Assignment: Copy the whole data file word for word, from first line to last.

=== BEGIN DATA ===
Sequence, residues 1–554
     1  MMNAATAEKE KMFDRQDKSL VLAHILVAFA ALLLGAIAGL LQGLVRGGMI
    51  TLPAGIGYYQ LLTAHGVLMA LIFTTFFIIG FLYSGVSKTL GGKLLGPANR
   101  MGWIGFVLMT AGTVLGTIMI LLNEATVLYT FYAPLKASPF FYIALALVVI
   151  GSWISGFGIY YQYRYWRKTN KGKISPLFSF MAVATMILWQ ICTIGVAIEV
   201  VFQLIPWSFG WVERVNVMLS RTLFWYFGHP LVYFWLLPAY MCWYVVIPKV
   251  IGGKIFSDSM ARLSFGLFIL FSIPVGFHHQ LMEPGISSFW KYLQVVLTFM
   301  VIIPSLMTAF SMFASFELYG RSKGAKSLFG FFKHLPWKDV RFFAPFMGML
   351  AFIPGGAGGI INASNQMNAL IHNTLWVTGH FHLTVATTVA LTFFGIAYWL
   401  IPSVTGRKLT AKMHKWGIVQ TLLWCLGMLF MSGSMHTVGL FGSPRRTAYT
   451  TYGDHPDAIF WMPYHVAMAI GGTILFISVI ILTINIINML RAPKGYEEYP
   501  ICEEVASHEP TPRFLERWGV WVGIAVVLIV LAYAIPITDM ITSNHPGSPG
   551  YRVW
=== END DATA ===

Sequence, residues 1–554
     1  MMNAATAEKE KMFDRQDKSL VLAHILVAFA ALLLGAIAGL LQGLVRGGMI
    51  TLPAGIGYYQ LLTAHGVLMA LIFTTFFIIG FLYSGVSKTL GGKLLGPANR
   101  MGWIGFVLMT AGTVLGTIMI LLNEATVLYT FYAPLKASPF FYIALALVVI
   151  GSWISGFGIY YQYRYWRKTN KGKISPLFSF MAVATMILWQ ICTIGVAIEV
   201  VFQLIPWSFG WVERVNVMLS RTLFWYFGHP LVYFWLLPAY MCWYVVIPKV
   251  IGGKIFSDSM ARLSFGLFIL FSIPVGFHHQ LMEPGISSFW KYLQVVLTFM
   301  VIIPSLMTAF SMFASFELYG RSKGAKSLFG FFKHLPWKDV RFFAPFMGML
   351  AFIPGGAGGI INASNQMNAL IHNTLWVTGH FHLTVATTVA LTFFGIAYWL
   401  IPSVTGRKLT AKMHKWGIVQ TLLWCLGMLF MSGSMHTVGL FGSPRRTAYT
   451  TYGDHPDAIF WMPYHVAMAI GGTILFISVI ILTINIINML RAPKGYEEYP
   501  ICEEVASHEP TPRFLERWGV WVGIAVVLIV LAYAIPITDM ITSNHPGSPG
   551  YRVW